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I have the following text:

"cat dog mouse lion"

And I search for "dog" or "mouse" using regex:

Regex regex = new Regex(@"dog|mouse");

The way Regex in C# behaves is that it first searches all the way through for the word dog. If it finds a match, it stops. How do I make it stop after finding the first occurrence of any of my words in the regex, meaning stop after "cat" as this occurs first?

Do I have to make multiple regex searches and match the indexes of the findings? Or is it possible to specify it in the regex expression?

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meaning stop after "cat" as this occurs first? but your regex is dog|mouse ? –  aiapatag Jun 13 '13 at 11:09
It doesn't 'first search for dog'. If your text was "mouse dog", mouse would be matched (first), regardless of the fact that comes second in the regex. It searches for the entire expression from the left. –  Nicholas W Jun 13 '13 at 11:16
@NicholasW Just checked myself and you're right ^^ –  Rawling Jun 13 '13 at 11:17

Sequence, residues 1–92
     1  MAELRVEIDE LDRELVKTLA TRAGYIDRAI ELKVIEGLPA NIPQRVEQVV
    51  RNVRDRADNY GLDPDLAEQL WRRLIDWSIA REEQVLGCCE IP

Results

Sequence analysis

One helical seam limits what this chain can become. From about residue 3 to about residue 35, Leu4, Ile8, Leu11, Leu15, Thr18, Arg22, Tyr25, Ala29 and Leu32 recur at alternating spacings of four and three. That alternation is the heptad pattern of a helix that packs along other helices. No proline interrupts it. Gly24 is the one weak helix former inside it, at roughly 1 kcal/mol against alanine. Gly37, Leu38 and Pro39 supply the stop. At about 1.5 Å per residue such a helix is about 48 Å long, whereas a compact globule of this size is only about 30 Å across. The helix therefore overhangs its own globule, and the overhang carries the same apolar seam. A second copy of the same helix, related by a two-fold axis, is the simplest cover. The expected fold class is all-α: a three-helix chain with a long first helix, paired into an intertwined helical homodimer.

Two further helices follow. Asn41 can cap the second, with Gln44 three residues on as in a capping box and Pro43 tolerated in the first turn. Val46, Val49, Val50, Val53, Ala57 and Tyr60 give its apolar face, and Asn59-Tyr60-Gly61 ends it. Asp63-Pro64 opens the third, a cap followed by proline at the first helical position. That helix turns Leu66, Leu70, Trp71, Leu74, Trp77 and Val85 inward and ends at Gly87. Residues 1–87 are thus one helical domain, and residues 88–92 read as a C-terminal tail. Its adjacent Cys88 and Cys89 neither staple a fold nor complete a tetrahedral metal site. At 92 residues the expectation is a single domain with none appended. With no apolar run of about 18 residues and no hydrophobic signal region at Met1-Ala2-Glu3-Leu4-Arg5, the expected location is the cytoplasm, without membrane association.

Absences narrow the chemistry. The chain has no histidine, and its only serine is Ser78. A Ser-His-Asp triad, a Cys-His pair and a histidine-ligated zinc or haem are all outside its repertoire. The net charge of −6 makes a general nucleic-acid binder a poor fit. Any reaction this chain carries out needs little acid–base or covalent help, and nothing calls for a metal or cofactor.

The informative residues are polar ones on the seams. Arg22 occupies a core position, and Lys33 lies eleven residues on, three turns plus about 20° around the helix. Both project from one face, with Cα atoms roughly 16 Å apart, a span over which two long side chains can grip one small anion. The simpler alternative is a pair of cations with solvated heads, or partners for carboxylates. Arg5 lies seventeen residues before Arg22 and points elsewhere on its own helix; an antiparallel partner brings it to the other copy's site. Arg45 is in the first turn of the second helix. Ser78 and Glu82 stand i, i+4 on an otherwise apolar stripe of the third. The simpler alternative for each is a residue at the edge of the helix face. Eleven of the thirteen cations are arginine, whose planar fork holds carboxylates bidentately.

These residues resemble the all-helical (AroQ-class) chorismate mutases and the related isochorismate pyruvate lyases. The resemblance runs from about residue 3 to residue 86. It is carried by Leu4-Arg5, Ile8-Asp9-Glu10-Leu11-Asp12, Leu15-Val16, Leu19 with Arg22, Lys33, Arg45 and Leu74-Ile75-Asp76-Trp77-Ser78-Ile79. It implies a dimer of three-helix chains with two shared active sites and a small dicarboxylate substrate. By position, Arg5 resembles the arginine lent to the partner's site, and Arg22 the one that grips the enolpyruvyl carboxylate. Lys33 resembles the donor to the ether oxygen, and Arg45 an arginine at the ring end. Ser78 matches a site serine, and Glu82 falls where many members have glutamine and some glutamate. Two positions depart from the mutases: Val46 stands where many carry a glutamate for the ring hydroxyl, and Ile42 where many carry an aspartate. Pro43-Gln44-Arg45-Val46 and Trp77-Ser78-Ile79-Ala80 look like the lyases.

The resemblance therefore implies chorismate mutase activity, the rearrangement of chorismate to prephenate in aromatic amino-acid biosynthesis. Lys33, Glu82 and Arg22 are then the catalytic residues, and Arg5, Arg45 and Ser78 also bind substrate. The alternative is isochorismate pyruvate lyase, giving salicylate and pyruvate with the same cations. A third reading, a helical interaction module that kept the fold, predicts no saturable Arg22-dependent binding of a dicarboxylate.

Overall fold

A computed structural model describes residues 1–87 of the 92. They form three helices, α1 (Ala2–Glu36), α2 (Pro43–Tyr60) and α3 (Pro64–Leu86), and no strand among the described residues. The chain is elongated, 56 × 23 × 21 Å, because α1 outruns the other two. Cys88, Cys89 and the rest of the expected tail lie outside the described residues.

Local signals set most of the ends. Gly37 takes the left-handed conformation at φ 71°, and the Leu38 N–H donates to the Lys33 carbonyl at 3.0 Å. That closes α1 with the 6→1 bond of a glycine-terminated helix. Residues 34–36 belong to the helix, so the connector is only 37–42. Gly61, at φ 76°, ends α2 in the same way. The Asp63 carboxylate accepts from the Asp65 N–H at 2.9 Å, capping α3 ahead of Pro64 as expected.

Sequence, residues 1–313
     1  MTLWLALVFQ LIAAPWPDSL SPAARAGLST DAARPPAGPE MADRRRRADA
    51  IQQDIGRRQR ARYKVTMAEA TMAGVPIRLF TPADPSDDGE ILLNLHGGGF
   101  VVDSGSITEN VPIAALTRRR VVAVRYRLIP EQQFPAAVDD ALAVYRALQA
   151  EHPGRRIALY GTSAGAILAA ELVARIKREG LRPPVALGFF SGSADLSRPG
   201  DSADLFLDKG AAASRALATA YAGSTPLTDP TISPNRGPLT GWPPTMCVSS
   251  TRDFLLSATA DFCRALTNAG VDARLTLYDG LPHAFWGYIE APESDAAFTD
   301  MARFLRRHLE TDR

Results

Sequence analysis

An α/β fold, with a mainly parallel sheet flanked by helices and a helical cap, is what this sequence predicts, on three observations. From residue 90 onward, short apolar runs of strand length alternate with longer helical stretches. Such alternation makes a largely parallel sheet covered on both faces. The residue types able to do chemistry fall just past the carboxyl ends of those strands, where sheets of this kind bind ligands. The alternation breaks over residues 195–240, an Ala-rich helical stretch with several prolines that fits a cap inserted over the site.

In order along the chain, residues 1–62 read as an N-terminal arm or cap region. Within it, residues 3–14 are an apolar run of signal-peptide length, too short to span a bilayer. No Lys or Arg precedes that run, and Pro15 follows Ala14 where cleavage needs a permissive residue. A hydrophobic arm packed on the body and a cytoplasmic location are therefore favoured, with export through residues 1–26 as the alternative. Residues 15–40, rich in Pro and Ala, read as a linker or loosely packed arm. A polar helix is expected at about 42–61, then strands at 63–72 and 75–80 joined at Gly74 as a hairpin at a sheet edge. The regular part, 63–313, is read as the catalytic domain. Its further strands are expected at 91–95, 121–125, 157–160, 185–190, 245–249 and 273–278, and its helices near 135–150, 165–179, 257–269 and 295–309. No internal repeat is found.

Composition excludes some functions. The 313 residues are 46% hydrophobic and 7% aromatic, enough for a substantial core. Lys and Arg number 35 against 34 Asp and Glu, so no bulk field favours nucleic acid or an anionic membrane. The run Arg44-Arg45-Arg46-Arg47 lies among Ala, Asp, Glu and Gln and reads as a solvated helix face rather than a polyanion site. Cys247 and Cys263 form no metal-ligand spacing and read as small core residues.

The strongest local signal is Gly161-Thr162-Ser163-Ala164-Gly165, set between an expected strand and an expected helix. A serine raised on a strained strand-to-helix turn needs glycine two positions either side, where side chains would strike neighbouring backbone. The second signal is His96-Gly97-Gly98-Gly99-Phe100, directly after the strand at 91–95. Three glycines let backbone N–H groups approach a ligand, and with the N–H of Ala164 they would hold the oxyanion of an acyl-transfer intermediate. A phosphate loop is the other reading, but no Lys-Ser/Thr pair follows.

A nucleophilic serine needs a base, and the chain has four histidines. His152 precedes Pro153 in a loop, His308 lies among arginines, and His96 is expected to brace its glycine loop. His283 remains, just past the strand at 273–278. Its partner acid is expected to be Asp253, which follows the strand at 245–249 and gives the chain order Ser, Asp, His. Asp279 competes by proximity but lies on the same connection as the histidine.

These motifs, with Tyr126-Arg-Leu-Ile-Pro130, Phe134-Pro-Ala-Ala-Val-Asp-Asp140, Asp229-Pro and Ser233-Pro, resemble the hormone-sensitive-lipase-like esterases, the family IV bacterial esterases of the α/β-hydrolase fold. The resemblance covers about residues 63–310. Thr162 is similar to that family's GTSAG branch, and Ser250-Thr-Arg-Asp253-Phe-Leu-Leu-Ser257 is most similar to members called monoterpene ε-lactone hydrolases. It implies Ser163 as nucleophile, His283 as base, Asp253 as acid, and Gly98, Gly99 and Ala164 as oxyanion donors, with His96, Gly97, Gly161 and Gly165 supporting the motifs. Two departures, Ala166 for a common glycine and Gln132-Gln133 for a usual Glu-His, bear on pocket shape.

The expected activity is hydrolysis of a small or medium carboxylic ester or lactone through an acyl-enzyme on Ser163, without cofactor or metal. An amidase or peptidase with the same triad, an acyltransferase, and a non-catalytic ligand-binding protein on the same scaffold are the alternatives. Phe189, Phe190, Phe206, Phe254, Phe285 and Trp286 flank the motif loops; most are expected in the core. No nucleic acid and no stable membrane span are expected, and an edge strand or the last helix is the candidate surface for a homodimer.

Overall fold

2 Answers 2

up vote 0 down vote accepted

A way to do that is to use a lazy quantifier with dotall option:

Regex regex = new Regex(@"^.*?\b(?>dog|mouse)\b");

Another way is to do that;

Regex regex = new Regex(@"^(?>[^dm]*+|d++(?!og\b)|m++(?!ouse\b))*\b(?>dog|mouse)\b");

it is longer but more efficient. The idea is to avoid lazy quantifier that is slow because it tests on each characters to see what follows. Here i describe the begining as "all that is not a d or a m OR some d not followed by og OR some m not followed by ouse zero or more times.

(?>..) is an atomic group, this is to avoid that the regex engine backtrack, it is a kind of 'all or nothing', more informations here

++ is a possessive quantifier that avoid backtracks too.

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No, you are wrong.

Regex regex = new Regex(@"dog|mouse");


Regex regex = new Regex(@"mouse|dog");

both will find the word "dog", even when like in the second case the word "mouse" is the first in the alternation.

The matching behaviour is different, than you described. The regex will check at the first char if it can match the first alternative, if this does not match, it will not continue to the second character, it will try the second alternative.

But, the ordering of the alternation is important in another aspect. You will get problems, when you have alternatives with the same beginnning and you order them from short to long, e.g.

Regex regex = new Regex(@"Foo|Foobar");

this will never match the word "Foobar", since even when there is Foobar in the text it matches on the first alternative "Foo".

To avoid those problems, order it from long to short

Regex regex = new Regex(@"Foobar|Foo");

this will try to match "Foobar" on "Foo" and when it recognizes, there is no "b" following, it tries the second alternative and matches successfully "Foo".

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